Wed, 15 Mar 2017 11:06:21 -0400

According to Ambassador Robert Blackwill, previous U.S. strategies of "engaging and hedging" with respect to China have failed. Will the Trump administration develop the right grand strategy to deal with China and protect U.S. vital interests?


Don’t Buy China’s Peace Plan For North Korea

Fri, 10 Mar 2017 14:47:22 -0500

In a matter of weeks, all of China’s fears have come to a head on the Korean Peninsula. At an airport in Malaysia in mid-February, the exiled half-brother of North Korea’s ruler was assassinated with a nerve agent, reminding the world that the Hermit Kingdom is run by a paranoid and violent regime. Closer to home, North Korea conducted two rounds of ballistic missile tests in stark violation of UN Security Council resolutions.


Is THAAD the Start of a U.S.-China Arms Race?

Thu, 09 Mar 2017 15:50:51 -0500

“For Tokyo, this decision by Seoul and Washington [to move forward with the THAAD system] is as much about U.S. staying power as it is about Pyongyang’s missile launches. Just beyond the horizon, the influence of Beijing looms too large for Tokyo’s comfort,” writes CFR Senior Fellow Sheila Smith.



China Wins if NAFTA Dies

Thu, 09 Mar 2017 12:05:07 -0500

By far the biggest winner if NAFTA ends will be China, writes Shannon O’Neil. As for the losers, “are thousands of small and medium-sized American businesses, which are more likely to export to Mexico than anywhere else in the world.”


How North Korea Evades UN Sanctions Through International "Front" Companies

Fri, 03 Mar 2017 16:32:34 -0500

North Korean sanctions evasion has largely eviscerated the intent and impact of UN sanctions resolutions designed to block international financial and material support for North Korean nuclear and missile development efforts. Aside from the obvious Chinese loophole, the assassination of Kim Jong Nam has shone a bright light on another major portal for North Korean illicit actions and sanctions evasion: Malaysia.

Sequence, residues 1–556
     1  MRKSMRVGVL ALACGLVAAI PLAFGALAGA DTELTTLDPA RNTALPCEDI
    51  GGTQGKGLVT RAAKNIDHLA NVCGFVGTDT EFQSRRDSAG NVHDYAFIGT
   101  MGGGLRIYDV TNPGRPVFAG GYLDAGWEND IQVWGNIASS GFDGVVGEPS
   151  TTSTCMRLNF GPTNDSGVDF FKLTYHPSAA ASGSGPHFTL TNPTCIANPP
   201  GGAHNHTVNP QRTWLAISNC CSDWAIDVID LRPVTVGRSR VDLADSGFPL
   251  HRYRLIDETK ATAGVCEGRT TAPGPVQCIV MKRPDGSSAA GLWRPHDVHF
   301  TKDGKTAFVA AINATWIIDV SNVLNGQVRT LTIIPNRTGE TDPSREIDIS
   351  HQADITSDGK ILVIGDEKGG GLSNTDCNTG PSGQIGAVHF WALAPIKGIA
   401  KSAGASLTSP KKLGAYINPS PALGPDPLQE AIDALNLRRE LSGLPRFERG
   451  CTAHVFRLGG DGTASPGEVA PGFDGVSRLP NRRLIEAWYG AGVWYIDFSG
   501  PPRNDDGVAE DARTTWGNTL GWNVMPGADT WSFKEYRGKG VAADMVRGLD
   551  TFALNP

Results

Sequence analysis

How to Get Tough on China, in Six Easy Steps

Fri, 03 Mar 2017 13:27:19 -0500

From a White House largely defined by caprice, there’s been a consistent message that it’s time to get tough on China: to push back in the South China Sea, to challenge China’s unfair trade and investment practices, and to demand more from Beijing on North Korea.


'A Great Place to Have a War: America in Laos and the Birth of a Military CIA'

Thu, 02 Mar 2017 16:36:31 -0500

Joshua Kurlantzick discusses his new book, A Great Place to Have a War: America in Laos and the Birth of a Military CIA.


Expanding South Korea’s Security Role in the Asia-Pacific Region

Wed, 01 Mar 2017 09:08:41 -0500

South Korea is a Northeast Asian power with a global presence, yet its geopolitical influence in Southeast Asia is rarely exercised.


There Are Echoes of the CIA’s Long War in Laos in Today’s War on Terror

Thu, 23 Feb 2017 15:06:29 -0500

Joshua Kurlantzick discusses how the CIA’s secret war in Laos, waged with little oversight by Congress or interest by the U.S. public, was a precursor to today’s global war on terror. 


Better a Stalemate Than Defeat in Afghanistan

Thu, 23 Feb 2017 10:20:19 -0500

Without a major surge in force levels, the best outcome that the United States can hope for in Afghanistan is that the Taliban will tire of fighting and pursue peace, writes CFR’s Max Boot.